Michigan - Languages



Before white settlement, Algonkian-language tribes occupied what is now Michigan, with the Menomini and Ojibwa in the upper peninsula and Ottawa on both sides of the Straits of Mackinac. Numerous place-names recall their presence: Michigan itself, Mackinaw City, Petoskey, Kalamazoo, Muskegon, Cheboygan, and Dowagiac.

Except for the huge industrial area in southeastern Michigan, English in the state is remarkably homogeneous in its retention of the major Northern dialect features of upper New York and western New England. Common are such Northern forms as pail, wishbone, darning needle (dragonfly), mouth organ (harmonica), sick to the stomach, quarter to four (3:45), and dove as past tense of dive. Common also are such pronunciations as the /ah/ vowel in fog, frog, and on; the /aw/ vowel in horrid, forest, and orange; creek as /krik/; root and roof with the vowel of put; and greasy with an /s/ sound. Swale (a marsh emptying into a stream) and clock shelf (mantel) are dying Northern words not carried west of Michigan. Pank (to pack down, as of snow) is confined to the upper peninsula, and pasty (meat-filled pastry) is borrowed from Cornish miners and heard in the upper peninsula and a few other areas. A minister is a dominie in the Dutch area around Holland and Zeeland.

Southern blacks have introduced into the southeastern automotive manufacturing areas a regional variety of English that, because it has class connotations in the North, has become a controversial educational concern. Three of its features are perhaps more widely accepted than others: the coalescence of /e/ and /i/ before a nasal consonant, so that pen and pin sound alike; the loss of /r/ after a vowel, so that cart and cot also sound alike; and the lengthening of the first part of the diphthong /ai/, so that time and Tom sound alike, as do ride and rod.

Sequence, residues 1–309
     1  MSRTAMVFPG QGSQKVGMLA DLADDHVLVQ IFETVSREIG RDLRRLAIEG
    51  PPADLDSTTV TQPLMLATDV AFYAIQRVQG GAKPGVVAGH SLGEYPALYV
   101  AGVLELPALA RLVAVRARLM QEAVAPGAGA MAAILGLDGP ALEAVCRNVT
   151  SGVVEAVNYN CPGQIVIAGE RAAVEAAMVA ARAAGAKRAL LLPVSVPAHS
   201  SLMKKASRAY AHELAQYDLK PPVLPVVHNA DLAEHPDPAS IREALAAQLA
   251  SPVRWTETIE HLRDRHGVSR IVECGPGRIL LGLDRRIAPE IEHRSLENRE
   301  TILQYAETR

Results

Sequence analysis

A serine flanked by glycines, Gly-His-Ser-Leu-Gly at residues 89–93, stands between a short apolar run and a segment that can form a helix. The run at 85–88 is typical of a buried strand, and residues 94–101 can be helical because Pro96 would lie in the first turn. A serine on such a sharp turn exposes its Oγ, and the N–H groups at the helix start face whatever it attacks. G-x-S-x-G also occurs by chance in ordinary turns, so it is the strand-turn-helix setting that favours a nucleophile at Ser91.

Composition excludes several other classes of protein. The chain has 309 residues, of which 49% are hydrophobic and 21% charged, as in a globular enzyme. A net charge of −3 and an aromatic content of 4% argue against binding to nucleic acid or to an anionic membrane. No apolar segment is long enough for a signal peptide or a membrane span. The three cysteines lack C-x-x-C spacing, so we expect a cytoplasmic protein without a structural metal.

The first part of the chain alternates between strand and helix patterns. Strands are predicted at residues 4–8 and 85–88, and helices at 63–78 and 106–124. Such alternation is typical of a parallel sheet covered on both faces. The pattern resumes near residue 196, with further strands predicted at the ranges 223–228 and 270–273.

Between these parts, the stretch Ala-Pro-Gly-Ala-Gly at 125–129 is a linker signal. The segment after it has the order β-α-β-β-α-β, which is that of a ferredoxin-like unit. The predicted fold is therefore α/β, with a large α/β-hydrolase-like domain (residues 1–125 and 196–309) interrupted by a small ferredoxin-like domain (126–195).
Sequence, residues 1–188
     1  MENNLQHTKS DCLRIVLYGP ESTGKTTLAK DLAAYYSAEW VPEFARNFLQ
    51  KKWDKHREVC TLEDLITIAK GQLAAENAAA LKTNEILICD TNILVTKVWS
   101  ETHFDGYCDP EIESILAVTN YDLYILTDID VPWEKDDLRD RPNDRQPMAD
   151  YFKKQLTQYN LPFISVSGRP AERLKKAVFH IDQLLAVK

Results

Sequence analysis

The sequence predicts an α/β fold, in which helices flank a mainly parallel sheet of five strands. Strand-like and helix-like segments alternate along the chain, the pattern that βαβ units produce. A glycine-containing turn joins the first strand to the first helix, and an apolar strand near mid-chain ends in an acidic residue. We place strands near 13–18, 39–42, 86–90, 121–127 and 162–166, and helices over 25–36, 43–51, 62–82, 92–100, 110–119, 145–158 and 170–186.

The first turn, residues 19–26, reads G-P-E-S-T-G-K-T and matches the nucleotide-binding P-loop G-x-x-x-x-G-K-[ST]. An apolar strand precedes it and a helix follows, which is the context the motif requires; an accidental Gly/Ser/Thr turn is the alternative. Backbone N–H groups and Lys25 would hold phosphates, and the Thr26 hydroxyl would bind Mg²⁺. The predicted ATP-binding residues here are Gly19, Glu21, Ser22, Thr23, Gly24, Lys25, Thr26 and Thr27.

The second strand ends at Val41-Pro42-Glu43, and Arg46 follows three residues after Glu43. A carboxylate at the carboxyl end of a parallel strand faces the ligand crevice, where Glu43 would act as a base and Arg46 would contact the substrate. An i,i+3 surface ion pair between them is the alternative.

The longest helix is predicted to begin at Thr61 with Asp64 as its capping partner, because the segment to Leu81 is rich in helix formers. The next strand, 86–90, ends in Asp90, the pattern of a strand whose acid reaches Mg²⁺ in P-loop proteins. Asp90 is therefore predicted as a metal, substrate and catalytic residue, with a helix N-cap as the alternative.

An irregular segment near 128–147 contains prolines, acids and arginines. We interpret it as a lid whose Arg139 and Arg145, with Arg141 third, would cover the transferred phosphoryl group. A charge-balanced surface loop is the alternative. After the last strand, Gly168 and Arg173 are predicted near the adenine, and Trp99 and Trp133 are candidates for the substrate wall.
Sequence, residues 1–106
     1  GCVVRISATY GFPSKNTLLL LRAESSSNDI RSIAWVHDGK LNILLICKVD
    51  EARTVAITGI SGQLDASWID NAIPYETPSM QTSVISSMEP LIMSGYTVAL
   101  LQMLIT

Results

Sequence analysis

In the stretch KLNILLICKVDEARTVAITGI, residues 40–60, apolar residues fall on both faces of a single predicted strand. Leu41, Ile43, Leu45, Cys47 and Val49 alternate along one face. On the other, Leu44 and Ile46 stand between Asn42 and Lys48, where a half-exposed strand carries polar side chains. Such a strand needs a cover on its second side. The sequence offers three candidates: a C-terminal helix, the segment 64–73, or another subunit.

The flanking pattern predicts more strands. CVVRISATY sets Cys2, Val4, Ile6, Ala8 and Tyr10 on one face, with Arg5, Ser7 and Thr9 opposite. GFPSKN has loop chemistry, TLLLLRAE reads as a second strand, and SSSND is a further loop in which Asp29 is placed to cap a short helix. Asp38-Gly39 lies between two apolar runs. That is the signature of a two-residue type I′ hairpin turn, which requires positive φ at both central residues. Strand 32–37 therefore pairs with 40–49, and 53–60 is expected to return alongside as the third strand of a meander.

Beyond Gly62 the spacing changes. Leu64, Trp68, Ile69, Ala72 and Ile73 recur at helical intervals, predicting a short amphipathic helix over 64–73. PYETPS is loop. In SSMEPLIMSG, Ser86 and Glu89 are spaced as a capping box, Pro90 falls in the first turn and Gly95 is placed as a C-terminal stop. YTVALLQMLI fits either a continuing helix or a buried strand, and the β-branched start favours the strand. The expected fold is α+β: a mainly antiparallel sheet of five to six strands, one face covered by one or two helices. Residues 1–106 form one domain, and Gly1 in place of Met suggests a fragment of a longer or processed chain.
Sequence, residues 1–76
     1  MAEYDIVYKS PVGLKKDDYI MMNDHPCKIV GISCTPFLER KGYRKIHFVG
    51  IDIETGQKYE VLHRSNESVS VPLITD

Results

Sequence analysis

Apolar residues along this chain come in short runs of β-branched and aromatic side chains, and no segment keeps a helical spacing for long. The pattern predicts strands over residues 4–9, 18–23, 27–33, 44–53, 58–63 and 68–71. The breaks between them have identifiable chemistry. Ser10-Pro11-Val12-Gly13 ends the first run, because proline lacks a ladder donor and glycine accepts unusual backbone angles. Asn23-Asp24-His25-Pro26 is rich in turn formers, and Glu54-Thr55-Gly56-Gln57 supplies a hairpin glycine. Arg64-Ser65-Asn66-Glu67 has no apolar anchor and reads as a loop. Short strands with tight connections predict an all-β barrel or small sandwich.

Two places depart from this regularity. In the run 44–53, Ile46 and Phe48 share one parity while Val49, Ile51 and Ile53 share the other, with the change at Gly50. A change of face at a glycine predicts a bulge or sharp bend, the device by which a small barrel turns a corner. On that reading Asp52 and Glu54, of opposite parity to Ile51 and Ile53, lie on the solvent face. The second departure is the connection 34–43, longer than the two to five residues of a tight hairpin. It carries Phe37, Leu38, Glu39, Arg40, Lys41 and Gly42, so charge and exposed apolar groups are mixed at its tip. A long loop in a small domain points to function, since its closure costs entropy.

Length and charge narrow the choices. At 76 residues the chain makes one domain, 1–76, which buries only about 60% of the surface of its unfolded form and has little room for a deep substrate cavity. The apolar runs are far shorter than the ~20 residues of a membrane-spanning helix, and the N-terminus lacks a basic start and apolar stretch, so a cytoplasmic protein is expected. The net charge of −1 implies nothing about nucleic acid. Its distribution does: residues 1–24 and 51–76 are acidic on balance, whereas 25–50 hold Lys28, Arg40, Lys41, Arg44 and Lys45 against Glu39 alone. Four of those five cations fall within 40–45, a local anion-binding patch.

In 2000, 91.6% of the state's population five years old or older spoke only English at home, down from 93.4% in 1990.

The following table gives selected statistics from the 2000 census for language spoken at home by persons five years old and over. The category "Other Indo-European languages" includes Albanian, Gaelic, Lithuanian, and Rumanian. The category "Other Slavic languages" includes Czech, Slovak, and Ukrainian. The category "Other Asian languages" includes Dravidian languages, Malayalam, Telugu, Tamil, and Turkish. The category "Other Indic languages" includes Bengali, Marathi, Punjabi, and Romany.

Michigan

LANGUAGE NUMBER PERCENT
Population 5 years and over 9,268,782 100.0
Speak only English 8,487,401 91.6
Speak a language other than English 781,381 8.4
Speak a language other than English 781,381 8.4
Spanish or Spanish Creole 246,688 2.7
Arabic 75,412 0.8
German 52,366 0.6
Polish 40,372 0.4
French (incl. Patois, Cajun) 38,914 0.4
Other and unspecified languages 32,189 0.3
Italian 30,052 0.3
Other Indo-European languages 27,241 0.3
Chinese 26,955 0.3
Other Slavic languages 14,682 0.2
Other Asian languages 14,611 0.2
Other Indic languages 14,140 0.2
Korean 13,314 0.1
Serbo-Croatian 11,950 0.1
Tagalog 11,917 0.1
Vietnamese 11,776 0.1
Russian 11,701 0.1
Japanese 11,480 0.1
Greek 11,167 0.1


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